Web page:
Jane Faulkner.
5th December 1750
Reference Numbert17501205-57
VerdictGuilty > theft under 40s

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69. (M.) Jane Faulkner , otherwise Steward , spinster , was indicted for stealing one pair of silver buckles, value 5 s. one silver stock buckle, value 1 s. four gold rings, one pair of ear rings, one guinea and half in gold, and fourteen shillings in money, number'd, the goods of Bridget Bourne , widow , in the dwelling house of the said Bridget , December 2 . ++

Bridget Bourne . I live in Hedge lane , and the prisoner lodged in my garret: last Saturday, about twelve o'clock at night, she came into my shop for a halfpenny candle, when I was going to bed, for I lie in the shop; my pockets lay by me, and I missed them when she was gone.

Q. What were in your pockets?

B. Bourne. There were in them four gold rings, a little pair of ear rings, a pair of silver buttons, a pair of silver buckles, a stock buckle, a guinea and half, a piece of queen Anne's gold, fourteen shillings in silver; I called out to a poor man in the back room, who went with me and another man to search her room, but could not find the things; she threw them out of the window, and ran down stairs, so in her absence we found the empty pockets out at the garret window, which were reached in with a pair of tongs. We took her below, and searched her pockets, but all we found were a few things of no value, which I had in my pockets before they were lost.

Q. What were they?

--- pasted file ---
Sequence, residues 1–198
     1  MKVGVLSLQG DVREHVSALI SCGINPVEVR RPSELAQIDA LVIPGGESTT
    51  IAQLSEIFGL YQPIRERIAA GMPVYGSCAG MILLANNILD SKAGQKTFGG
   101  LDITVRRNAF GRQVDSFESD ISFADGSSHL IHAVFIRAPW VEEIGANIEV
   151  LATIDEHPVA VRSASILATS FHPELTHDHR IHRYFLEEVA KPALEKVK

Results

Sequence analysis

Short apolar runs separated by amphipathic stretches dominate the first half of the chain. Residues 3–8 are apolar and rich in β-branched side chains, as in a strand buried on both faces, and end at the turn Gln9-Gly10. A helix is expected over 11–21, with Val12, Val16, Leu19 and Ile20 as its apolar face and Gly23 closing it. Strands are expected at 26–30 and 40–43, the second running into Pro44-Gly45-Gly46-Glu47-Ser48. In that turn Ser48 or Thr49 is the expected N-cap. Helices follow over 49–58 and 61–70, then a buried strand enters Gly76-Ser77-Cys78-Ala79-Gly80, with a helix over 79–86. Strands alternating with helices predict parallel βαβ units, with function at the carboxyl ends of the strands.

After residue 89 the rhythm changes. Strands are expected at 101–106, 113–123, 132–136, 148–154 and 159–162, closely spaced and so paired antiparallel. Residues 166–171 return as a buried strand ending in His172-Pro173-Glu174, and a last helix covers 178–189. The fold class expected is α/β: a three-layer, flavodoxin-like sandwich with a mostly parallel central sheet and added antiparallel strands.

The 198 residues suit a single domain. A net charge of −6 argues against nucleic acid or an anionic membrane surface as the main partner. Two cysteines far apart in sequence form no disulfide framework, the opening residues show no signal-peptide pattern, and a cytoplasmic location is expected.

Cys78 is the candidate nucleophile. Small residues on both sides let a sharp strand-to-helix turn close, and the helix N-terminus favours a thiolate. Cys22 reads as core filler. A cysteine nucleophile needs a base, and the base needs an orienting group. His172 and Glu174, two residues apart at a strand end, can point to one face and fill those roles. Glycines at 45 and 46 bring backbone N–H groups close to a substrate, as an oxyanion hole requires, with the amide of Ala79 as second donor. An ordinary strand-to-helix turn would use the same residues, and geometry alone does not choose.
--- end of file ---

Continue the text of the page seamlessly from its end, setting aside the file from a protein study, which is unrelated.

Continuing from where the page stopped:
B. Bourne. A sciatica bone, a little thimble of my child's, a bit of sealing wax, and a bit of allum. Thomas Draper , who lodges in the two pair of stairs room, put his hand to her belly, and felt something hard, saying, I believe it is here, so found the money and took it out.

Thomas Draper . I am a lodger in this house; I was in bed betwixt-eleven and twelve o'clock last Saturday night, about which time it was rumoured in the house that my landlady had been robbed; upon which I immediately put on my breeches and went down stairs; then suspecting the prisoner, I desired she might be searched, which was accordingly done twice, but found nothing upon her; the watchman insisted upon carrying her to the watch-house; I happened to bob my hand against her belly, and feeling something hard, asked her what it was; she replied, it is only my two bones; said another man, if you are going to feel, we are all married men; I took out of a private place under her petticoats all the things, viz. the buckles, stock buckle, a guinea and half in gold, and a piece of touch gold.

Caleb Birch , I lodge in this house. Last Saturday night about twelve o'clock I was called to my

landlady's assistance, accordingly Mrs. Bourne and I went and searched the garret, but found nothing there; then looking out of the window perceived the pockets hanging upon the eaves; after which the prisoner was searched three different times, the last of which the things were found, whereupon she said, Lard, what have I brought upon my self!

James Knapper . I lay there on Saturday night with Mr. Burch, and saw the prisoner at the bar as I came in at the door; about ten minutes after that the prosecutrix said she had been robbed; Mr. Burch went up with her and searched the room; I staid below stairs to see who went out; I saw the prisoner searched and the goods found upon her as mentioned in the indictment; I held her by the arm while Mr. Draper and the prosecutrix seized the things.

Q. to the prosecutrix. Are you sure these things were in your pockets at the time you say you was going to bed?

Prosecutrix. I am sure they were.

Prisoner's Defence.

Those two witnesses were along with the prosecutrix when I went for the candle to make my bed; the prosecutrix came after me, saying, you have got my pockets, and stripped me quite naked; said I, if you search my room, search every room in the house; they all came about me, but what they put into my pocket I know not.

Guilty 39 s .

[Transportation. See summary.]

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